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Raising capital for your startup is not easy. It is even more difficult if you are a woman, particularly a woman of color. However, Black women have recently begun to turn that around. According to CNN Business, Black women are the fastest growing group of female entrepreneurs in the U.S. The number of black female founders who have raised over $1 million in funding has more than doubled since 2018.
“It’s beginning to shift a tide in realizing that we are just as scrappy, just as innovative, and just as amazing as anyone else,” says Jasmine Jones, cofounder of Cherry Blossom Intimates. Her company specializes in providing breast cancer survivors with bras and post-mastectomy prostheses, which are insurance billable. She believes that when Black women are severely underestimated, it actually gives them an advantage. This is because the business world does not expect them to come forth with great ideas, and when they do, it blows people away.
Tiffany Dufu, founder of The Cru, says that the wake of the Black Lives Matter movement has really sparked interest in investors to help support more Black-owned businesses. When calls for racial equality were heard around the world in 2020, many companies signed onto the 15 Percent Pledge. This movement is a promise to buy at least 15% of products from black-owned businesses. Dufu’s company matches women together so they can collaborate and meet their life goals. Because it is sometimes hard for her to balance her personal life as a mother while running a business, the connections she makes in The Cru lift her up.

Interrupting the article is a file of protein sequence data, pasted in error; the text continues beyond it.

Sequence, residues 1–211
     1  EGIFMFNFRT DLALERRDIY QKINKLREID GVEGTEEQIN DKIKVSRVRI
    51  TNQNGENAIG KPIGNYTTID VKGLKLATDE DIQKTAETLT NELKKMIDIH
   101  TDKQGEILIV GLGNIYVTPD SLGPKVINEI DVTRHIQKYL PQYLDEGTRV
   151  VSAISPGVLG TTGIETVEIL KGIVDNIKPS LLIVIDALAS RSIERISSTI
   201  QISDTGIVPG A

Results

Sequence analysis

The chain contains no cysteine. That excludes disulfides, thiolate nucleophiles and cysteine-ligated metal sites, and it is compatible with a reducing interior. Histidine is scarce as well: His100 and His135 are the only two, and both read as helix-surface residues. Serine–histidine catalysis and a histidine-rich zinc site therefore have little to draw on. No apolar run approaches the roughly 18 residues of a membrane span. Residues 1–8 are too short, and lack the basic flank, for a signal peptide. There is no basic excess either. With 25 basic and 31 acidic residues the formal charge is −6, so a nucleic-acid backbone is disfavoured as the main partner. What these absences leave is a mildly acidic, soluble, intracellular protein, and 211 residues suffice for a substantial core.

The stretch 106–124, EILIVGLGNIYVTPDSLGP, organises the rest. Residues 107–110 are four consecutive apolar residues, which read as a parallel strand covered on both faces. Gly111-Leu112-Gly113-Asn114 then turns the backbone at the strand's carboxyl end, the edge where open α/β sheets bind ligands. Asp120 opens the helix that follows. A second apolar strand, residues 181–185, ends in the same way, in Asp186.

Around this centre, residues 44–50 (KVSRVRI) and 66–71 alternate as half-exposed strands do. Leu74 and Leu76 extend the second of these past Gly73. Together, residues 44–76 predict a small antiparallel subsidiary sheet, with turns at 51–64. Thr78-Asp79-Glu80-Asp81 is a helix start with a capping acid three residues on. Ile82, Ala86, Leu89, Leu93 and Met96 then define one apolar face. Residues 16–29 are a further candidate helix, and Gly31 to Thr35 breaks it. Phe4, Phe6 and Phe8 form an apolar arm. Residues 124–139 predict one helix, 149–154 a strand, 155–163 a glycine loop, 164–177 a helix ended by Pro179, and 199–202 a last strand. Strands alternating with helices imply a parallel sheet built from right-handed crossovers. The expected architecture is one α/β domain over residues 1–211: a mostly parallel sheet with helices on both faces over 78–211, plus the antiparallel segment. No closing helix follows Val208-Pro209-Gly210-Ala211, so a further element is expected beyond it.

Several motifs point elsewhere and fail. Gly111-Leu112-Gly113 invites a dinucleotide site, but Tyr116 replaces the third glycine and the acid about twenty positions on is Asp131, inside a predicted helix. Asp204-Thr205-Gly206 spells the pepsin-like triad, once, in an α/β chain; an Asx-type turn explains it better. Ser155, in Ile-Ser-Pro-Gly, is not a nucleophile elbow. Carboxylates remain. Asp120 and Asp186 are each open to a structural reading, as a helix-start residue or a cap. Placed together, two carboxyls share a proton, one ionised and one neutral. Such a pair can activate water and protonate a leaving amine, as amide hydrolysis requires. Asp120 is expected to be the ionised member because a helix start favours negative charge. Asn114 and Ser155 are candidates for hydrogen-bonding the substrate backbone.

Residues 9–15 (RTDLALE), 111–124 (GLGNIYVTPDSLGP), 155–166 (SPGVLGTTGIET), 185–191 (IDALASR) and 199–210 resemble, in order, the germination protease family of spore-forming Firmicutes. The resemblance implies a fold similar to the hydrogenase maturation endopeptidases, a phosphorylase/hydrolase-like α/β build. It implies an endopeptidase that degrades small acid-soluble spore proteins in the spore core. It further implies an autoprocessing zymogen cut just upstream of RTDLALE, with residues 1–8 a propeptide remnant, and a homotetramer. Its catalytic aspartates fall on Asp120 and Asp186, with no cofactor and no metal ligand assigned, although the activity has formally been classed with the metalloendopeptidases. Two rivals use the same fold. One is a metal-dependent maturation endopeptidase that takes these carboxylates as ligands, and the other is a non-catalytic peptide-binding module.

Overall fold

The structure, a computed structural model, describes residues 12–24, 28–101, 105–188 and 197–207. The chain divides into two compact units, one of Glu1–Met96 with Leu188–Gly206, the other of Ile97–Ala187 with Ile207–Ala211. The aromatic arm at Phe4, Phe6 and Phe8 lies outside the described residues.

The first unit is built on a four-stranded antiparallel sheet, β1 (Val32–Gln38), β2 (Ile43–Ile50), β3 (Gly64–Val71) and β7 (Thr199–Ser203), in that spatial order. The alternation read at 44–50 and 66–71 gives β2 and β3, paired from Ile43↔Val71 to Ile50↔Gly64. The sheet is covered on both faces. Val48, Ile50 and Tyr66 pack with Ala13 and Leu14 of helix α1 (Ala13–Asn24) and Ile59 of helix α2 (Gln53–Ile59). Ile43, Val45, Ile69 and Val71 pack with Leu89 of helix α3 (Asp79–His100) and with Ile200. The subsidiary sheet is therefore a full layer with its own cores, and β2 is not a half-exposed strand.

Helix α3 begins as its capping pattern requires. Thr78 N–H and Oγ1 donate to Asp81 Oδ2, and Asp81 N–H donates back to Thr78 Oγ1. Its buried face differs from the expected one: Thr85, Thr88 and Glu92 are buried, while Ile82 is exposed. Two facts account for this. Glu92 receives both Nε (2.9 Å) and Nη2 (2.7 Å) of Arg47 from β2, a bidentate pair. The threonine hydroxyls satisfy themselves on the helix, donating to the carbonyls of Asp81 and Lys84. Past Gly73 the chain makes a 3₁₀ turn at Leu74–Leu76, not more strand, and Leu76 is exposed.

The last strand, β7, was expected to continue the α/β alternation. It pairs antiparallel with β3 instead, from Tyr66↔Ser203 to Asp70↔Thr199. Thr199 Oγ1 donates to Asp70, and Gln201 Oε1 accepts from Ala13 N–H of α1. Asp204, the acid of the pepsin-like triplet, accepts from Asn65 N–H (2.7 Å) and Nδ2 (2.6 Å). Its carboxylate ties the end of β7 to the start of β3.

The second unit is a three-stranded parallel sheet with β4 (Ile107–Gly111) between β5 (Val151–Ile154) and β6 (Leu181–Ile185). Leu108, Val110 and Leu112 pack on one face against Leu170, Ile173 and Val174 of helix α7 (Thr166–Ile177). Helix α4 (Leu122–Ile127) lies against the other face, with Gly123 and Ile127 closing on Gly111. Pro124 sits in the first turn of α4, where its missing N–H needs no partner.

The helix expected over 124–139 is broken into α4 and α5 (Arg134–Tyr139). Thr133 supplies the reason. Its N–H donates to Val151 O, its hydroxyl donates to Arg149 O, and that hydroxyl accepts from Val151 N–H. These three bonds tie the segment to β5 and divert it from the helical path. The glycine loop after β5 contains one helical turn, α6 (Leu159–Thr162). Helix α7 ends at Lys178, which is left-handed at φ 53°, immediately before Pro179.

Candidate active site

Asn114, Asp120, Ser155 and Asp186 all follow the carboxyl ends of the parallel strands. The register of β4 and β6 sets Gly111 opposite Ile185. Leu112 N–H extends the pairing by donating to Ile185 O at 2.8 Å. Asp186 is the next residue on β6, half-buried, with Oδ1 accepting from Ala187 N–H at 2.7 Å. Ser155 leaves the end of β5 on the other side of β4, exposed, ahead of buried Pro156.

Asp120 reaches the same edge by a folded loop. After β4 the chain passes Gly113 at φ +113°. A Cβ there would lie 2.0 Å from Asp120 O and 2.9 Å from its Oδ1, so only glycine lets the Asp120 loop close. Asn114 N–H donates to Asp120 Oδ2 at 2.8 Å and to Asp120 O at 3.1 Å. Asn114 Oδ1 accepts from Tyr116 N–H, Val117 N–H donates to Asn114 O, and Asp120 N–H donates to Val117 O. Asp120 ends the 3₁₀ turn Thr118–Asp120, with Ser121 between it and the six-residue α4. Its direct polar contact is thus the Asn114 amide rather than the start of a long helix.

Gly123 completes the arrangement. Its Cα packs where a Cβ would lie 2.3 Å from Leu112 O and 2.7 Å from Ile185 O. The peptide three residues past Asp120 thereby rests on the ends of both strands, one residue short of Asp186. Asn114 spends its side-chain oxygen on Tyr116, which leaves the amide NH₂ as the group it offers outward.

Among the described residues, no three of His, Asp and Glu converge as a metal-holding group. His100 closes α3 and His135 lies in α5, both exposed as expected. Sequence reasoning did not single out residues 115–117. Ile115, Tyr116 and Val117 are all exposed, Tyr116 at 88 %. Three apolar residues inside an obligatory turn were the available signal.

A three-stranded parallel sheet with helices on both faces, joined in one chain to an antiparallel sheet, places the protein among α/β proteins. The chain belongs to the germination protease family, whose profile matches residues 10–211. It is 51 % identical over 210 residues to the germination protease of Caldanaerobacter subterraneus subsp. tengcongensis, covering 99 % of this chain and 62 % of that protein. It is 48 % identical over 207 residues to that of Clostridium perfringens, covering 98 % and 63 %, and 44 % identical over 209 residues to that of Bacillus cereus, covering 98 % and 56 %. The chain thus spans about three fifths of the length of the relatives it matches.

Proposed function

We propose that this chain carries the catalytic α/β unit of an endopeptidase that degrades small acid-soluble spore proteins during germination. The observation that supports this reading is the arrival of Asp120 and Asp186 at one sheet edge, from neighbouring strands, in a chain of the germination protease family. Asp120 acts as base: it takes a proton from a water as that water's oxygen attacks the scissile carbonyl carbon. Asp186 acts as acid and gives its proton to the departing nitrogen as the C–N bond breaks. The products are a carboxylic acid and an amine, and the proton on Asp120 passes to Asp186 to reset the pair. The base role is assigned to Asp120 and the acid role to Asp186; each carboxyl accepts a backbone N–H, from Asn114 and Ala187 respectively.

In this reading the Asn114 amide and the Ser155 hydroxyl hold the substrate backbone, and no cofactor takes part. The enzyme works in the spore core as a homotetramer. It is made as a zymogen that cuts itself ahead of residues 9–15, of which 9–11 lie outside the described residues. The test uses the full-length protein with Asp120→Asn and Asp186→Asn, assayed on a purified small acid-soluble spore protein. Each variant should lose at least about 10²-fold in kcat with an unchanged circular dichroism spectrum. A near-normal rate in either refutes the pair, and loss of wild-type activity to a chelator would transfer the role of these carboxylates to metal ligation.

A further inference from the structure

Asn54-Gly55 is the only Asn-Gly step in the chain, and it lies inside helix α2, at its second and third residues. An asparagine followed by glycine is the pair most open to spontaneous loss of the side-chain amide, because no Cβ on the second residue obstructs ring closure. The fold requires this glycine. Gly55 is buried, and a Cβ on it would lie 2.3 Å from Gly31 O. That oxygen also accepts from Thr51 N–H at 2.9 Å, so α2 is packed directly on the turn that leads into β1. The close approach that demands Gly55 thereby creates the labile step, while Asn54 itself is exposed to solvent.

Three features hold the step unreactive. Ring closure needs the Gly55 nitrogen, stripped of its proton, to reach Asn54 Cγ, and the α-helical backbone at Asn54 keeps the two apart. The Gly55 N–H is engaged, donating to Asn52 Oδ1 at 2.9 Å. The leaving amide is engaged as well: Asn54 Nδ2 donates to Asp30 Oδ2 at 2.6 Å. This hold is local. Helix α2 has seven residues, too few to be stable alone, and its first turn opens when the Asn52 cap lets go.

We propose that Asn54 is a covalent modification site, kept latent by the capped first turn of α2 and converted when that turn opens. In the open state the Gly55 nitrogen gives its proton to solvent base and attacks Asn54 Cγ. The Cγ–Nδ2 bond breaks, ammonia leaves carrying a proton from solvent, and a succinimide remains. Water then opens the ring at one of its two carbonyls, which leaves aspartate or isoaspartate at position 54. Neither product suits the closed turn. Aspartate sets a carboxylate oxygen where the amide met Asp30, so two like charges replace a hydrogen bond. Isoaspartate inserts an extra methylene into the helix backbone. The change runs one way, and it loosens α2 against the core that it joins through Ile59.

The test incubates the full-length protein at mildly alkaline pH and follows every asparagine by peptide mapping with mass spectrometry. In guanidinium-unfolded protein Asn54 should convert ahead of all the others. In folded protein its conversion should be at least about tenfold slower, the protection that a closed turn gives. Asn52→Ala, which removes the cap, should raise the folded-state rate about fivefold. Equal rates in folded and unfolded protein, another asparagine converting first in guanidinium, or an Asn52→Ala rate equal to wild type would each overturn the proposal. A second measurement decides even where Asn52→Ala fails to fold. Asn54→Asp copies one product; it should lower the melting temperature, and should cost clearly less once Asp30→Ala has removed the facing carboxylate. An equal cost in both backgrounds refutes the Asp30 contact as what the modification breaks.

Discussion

So how are these female founders raising money when there are still so many obstacles to overcome? It helps to start small, says Denise Woodard, founder of Partake Foods, which specializes in making healthy allergy-friendly snacks. Woodard started her business by making vegan and gluten-free cookies at home, storing them in her refrigerator, and then selling them out of her car. Prior to successfully closing her seed round, she says she was rejected 86 times, in spite of all the traction she was receiving. She believes because many existing companies were born out of people’s personal experiences, they became successful among people whose needs were met. Now Black women are coming forth and starting companies that suit their own personal needs, which resonate with their communities. Even though, women of color have to work twice as hard to obtain recognition in the entrepreneur community, these women are proving nothing can hold them back with enough hard work.
Are you a Black female founder currently raising capital? How is your experience going? Let us know down in the comments.
This article originally published on GREY Journal.